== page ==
House developed into Acid House, which more or less relied on the traditional flamenco progression in the bass line.

Happy house, main room house, disco, new disco, space disco, bass, future bass, garage, techno, psi-trance, Balkan beat, Balearic beat, deep house, tech house, deep tech house, bass house – the genre proliferation since acid house has been and continues to be exponential and endless, the differences between them so subtle yet so instantly picked up on by fans, any visiting alien would be bemused.

Electronic music is the post-cultural digital retrospective nod to pretty much every sort of musical reference you can think of.

The explosion of various forms of house music in the late 80s and into the early 90s, during what was then called the rave culture, depended on mostly MDMA, with a bit of back up from 2CB, LSD type mind+mood-altering drugs that along with the sequenced repetitive beat provided by the kick drum, encouraged a propensity for entering the same trance state shamans conjure beating the native American tom-tom.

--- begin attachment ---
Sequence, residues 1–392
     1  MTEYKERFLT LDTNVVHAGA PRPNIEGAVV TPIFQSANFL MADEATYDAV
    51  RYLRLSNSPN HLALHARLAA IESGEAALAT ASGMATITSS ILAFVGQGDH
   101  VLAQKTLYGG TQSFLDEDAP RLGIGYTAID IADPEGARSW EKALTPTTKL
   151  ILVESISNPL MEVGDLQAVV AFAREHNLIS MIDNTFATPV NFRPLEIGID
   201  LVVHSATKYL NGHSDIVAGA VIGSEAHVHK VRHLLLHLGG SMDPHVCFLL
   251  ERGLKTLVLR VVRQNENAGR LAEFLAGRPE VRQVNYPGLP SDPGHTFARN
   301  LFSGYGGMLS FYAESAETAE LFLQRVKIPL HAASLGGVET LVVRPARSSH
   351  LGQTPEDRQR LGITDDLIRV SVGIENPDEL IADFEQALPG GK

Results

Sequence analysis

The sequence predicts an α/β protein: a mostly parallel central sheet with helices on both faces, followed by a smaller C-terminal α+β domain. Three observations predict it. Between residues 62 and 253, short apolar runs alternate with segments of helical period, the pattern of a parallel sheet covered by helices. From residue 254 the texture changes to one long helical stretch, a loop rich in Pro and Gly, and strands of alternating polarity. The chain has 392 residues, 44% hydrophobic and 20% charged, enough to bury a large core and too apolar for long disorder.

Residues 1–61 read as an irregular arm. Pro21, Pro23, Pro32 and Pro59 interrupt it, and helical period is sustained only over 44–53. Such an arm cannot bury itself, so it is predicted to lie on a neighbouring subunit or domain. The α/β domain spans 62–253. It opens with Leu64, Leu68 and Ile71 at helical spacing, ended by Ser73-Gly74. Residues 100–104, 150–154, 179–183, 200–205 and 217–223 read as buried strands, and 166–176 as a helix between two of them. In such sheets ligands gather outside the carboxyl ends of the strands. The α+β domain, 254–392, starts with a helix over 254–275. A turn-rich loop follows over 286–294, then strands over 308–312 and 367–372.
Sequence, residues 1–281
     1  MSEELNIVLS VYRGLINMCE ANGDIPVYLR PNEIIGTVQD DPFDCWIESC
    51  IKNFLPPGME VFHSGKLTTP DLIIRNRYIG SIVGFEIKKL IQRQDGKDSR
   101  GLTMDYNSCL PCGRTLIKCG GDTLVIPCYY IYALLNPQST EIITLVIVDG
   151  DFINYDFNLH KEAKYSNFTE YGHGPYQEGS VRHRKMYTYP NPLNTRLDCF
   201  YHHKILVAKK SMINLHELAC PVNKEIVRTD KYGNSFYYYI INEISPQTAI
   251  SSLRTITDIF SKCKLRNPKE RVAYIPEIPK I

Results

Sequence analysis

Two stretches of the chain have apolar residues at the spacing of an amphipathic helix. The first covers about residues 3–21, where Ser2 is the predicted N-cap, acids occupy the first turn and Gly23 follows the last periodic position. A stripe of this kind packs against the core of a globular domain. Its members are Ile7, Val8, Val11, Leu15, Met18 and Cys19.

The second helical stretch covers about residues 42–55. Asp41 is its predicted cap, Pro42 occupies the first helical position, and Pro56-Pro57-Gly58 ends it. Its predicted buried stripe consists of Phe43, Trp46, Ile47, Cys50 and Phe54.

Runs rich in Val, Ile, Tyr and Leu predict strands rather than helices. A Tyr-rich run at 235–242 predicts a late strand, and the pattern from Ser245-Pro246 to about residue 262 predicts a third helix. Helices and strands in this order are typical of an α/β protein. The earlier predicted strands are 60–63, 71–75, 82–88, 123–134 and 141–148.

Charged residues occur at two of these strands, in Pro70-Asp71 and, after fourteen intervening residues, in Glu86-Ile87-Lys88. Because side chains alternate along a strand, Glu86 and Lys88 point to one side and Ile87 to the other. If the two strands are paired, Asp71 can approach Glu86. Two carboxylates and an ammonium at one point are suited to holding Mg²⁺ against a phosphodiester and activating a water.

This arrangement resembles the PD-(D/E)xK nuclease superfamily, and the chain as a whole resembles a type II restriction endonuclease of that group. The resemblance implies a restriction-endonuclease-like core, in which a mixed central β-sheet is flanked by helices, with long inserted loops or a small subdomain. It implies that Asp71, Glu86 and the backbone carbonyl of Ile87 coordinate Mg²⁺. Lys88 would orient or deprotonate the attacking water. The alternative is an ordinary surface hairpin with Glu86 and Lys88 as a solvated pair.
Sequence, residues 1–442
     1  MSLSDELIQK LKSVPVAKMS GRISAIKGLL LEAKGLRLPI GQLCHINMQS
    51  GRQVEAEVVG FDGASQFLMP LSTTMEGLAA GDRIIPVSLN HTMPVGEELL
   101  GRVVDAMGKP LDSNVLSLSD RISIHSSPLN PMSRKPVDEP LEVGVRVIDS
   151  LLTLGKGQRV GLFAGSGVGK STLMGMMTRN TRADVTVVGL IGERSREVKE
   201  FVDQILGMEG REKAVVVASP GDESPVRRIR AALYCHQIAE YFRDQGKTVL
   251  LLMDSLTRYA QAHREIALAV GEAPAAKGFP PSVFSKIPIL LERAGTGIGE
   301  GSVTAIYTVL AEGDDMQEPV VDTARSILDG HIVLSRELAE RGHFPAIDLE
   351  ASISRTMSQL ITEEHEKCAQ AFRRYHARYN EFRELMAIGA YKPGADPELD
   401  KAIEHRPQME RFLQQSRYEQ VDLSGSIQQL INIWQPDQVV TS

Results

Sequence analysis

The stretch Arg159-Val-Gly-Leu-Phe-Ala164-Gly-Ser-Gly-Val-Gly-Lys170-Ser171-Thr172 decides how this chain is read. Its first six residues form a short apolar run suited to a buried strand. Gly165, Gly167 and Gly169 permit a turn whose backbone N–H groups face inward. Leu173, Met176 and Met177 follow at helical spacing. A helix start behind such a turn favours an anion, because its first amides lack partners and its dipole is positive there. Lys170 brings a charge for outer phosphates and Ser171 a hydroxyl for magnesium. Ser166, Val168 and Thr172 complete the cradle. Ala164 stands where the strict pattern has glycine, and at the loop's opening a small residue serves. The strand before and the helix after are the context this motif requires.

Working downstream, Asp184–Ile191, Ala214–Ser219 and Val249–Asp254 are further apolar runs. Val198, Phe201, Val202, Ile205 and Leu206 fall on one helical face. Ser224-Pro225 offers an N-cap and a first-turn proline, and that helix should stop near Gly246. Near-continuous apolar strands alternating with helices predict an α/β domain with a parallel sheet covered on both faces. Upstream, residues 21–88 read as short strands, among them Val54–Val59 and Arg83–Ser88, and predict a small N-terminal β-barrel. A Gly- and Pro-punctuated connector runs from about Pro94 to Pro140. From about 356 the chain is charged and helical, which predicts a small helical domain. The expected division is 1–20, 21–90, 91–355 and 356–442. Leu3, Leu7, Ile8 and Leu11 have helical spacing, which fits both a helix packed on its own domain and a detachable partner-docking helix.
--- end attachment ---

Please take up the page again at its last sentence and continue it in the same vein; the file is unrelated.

The early house scene – Whirl-y-gig, Shroom etc., cross-fertilized with the Balearic beat coming out of Ibiza, and the multi-billion dollar Ibiza summer party season was born.

As time moved on genres subdivided and subdivided, each catering for a specific cocktail of drugs, and gradually as cocaine, ketamine, GHB and alcohol started pervading, music got more minimalist because it’s harder to process multiple signals on what essentially amounts to anaesthetic.

And the scene, started from a place of pure love, gradually succumbed to big money, became formulaic and lost much of its soul.